The Firehouse Lawyer Newsletter

Results for newsletters with the topic “Public Bid Laws

DescriptionVolume_IssueYearMonthPDF
We now consider a myriad of issues, or “traps for the unwary”, under the public bidding laws, including confusions about the definition of “public work”, electronic data processing and telecommunications systems, small works rosters, prevailing wage laws, and many more; we also encourage a “pooling of resources” to further planning and professionalism in the fire service. 02-0619986v02n06jun1998.pdf
This issue considers a federal court case that found that an employer did not violate the FLSA by requiring employees to use some of their comp time as they approach the agreed cap on comp time hours; this issue also considers a Washington court case finding that an invitation for bids on a public contract is not an offer to contract but a solicitation of an offer.03-10199910v03n10oct1999.pdf
Here we look at other legislative changes in 2004, particularly an amendment to RCW 39.34; an important case involving liability to contractors under the public works laws; an important OPMA case involving whether final actions that comply with the OPMA are invalid based on a previous violation of the Act; and finally, we consider the tests Washington courts have applied to see that a particular employee is in an “on call” status for purposes of the Washington Minimum Wage Act. 05-0120051v05n01jan2005.pdf
Today we consider whether releasing only the name and address of a patient, without any health information attached, does not per se violate HIPAA; the minutes of board meetings; whether certain positions “belong” in the union; the donation of buildings to burn; maintaining fire hydrants; and the purchase of fire engines and used equipment under the public bid laws. 05-0820058v05n08aug2005.pdf
Today we address a federal court case that determined that money paid for sick leave buy-back counts in the calculation of regular rate; we also discuss a sex-discrimination case related to two female firefighters (battalion chiefs) being denied adequate protective clothing and adequate bathroom and shower facilities; we then consider adverse employment actions against an employee who exercises First Amendment rights, and much more. 06-0520065v06n05may2006.pdf
This may be controversial, but today we discuss whether a fire district may act as its own general contractor when performing specific projects without running afoul of the public bid laws. 09-0820098v09n08aug2009.pdf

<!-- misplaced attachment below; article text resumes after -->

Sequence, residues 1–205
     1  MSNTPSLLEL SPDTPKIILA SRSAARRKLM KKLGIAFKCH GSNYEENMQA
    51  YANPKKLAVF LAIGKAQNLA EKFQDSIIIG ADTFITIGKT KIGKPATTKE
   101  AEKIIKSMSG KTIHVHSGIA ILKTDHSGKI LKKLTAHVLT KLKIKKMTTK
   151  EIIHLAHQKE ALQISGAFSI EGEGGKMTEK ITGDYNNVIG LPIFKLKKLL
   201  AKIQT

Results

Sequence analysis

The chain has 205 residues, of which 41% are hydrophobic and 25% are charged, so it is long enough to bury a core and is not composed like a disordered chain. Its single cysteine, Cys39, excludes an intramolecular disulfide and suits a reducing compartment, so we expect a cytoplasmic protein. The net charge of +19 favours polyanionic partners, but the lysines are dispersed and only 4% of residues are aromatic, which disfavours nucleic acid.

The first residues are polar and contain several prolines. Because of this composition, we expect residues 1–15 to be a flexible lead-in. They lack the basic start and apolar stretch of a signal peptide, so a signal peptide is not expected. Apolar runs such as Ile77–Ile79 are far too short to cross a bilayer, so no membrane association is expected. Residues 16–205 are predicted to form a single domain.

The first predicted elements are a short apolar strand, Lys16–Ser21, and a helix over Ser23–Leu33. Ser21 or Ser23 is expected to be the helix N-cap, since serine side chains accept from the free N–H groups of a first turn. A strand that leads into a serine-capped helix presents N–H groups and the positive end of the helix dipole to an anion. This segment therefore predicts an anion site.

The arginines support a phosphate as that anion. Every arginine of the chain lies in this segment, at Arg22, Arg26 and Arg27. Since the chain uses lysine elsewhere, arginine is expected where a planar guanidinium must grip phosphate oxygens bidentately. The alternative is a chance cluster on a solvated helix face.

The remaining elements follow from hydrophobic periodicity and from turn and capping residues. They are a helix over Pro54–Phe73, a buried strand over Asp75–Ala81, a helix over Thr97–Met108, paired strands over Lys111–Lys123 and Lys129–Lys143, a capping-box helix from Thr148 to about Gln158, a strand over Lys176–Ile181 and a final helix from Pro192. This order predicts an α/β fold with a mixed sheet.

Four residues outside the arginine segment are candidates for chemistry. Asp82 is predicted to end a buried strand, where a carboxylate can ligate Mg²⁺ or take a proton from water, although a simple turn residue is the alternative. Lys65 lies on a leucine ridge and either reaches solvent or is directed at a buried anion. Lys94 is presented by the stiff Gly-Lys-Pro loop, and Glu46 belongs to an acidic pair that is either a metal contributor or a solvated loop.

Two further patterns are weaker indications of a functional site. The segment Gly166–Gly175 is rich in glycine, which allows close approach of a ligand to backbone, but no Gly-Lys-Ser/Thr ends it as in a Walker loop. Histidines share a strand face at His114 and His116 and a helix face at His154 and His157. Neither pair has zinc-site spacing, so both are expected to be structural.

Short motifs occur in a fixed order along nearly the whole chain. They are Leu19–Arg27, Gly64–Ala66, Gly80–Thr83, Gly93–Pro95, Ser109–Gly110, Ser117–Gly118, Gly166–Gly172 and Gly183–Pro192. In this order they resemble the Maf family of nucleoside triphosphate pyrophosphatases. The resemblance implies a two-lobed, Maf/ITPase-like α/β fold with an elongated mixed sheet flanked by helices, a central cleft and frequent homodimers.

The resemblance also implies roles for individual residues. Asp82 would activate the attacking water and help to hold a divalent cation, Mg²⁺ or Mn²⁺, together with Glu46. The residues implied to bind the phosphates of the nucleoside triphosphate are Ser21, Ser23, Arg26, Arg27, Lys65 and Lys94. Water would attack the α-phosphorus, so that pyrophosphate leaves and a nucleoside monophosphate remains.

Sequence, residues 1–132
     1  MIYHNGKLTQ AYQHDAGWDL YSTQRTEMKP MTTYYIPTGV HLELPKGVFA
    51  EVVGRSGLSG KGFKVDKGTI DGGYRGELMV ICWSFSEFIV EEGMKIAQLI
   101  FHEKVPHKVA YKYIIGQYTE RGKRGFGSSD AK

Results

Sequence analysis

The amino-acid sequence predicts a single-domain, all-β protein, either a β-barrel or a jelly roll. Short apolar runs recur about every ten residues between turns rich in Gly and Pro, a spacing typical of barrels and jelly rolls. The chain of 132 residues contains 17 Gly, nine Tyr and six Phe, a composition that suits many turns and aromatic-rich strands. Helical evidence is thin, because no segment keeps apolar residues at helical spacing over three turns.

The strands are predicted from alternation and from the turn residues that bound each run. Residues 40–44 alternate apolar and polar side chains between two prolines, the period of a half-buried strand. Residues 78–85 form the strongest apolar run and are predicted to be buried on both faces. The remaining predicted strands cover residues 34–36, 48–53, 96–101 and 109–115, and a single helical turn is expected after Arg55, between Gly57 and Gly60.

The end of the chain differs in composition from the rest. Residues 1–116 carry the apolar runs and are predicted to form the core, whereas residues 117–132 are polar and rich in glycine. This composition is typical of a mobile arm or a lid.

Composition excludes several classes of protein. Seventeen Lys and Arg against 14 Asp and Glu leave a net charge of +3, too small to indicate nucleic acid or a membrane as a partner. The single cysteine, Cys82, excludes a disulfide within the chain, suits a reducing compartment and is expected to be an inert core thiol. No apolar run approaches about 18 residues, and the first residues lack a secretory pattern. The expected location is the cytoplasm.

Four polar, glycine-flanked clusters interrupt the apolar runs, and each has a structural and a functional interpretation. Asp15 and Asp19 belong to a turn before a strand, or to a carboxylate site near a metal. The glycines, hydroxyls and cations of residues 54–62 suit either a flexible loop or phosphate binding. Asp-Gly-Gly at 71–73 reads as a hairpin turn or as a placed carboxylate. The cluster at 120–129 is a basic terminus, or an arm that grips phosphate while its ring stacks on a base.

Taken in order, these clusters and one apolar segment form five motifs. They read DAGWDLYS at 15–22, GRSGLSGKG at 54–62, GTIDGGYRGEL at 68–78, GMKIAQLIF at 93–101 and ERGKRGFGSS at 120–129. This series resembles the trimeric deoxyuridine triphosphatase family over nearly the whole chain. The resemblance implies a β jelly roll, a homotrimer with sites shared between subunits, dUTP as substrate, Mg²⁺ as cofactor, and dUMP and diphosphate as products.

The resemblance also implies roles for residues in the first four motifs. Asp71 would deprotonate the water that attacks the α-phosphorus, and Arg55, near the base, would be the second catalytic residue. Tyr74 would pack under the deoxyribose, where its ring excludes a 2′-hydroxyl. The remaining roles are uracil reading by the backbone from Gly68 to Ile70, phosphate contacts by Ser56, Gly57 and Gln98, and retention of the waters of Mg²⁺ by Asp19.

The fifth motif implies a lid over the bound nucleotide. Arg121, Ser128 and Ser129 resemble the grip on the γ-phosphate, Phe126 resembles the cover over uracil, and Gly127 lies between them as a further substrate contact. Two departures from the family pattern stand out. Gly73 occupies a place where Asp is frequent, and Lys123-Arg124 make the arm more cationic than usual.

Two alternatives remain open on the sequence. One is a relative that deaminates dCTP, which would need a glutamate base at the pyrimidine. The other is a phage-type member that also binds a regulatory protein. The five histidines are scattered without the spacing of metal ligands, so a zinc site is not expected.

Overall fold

We now consider the sole source exception to the public bidding laws under RCW 39.04.280, which states that bidding requirements may be waived for "purchases that are clearly and legitimately limited to a single source of supply"; we also address the right of a public employee to assert his or her Garrity rights, or the privilege against self-incrimination. 09-12200912v09n12dec2009.pdf
Today the Firehouse Lawyer discusses the Intra-State Building Safety Mutual Aid System, a statute unheard of in the fire service, which may provide another revenue-building tool for fire districts, if certain legislative fixes are made; we also consider the implications of government officials receiving gifts; a new Washington senate bill that amends RCW 39.34.030, and consequently, aspects of the public bid laws; whether call logs are public records, or whether requests for electronic copies of files that are not backed up are proper public records requests; and finally, we talk about whether your policies should properly designate “peer support group counselors,” such that any confidences revealed to them during treatment may not be inquired into in a court of law.13-0620156June_2015_FINAL.pdf
The Firehouse Lawyer may be controversial at times, but due to recent legislative changes, the definition of "lowest responsible bidder", for purposes of procurement contracts, may have changed--for the better; we also discuss whether certain fire district activities are subject to business-and-occupation taxes, when benefit charges may be imposed on religious organizations, and whether fire districts and RFAs may sue for defamation. 13-0820158August_2015.pdf
In this issue, the Firehouse Lawyer addresses recent case law arising under the Public Records and Open Public Meetings Acts; recent EEOC insights into inquires into disabilities, and how that relates to conditional offers of employment; and finally, we introduce a new column in honor of Bill Jarmon: Safety Bill. 15-0120171January_2017_FINAL.pdf
At times, state agencies get it wrong, and today we discuss that, with respect to the stripping of pensions from elected officials not working in "eligible positions" under DRS regulations; we also discuss RCW 71.05, one of the involuntary detention laws; a sweeping case involving the mandatory reporting duty in cases of child abuse and neglect; the employee's responsibility under the vertical safety standards; and finally, we outline some of the most common issues the State Auditor keeps running into, with respect to fire districts and RFAs. 15-0320173March2017FINAL.pdf
Celebrate your independence by reading our latest issue, where we consider a new case involving five-day letters under the Public Records Act; the retainage requirements for public works contracts; and where we inform you about our new office space at South King Fire and Rescue! 15-0620176June2017FINAL.pdf
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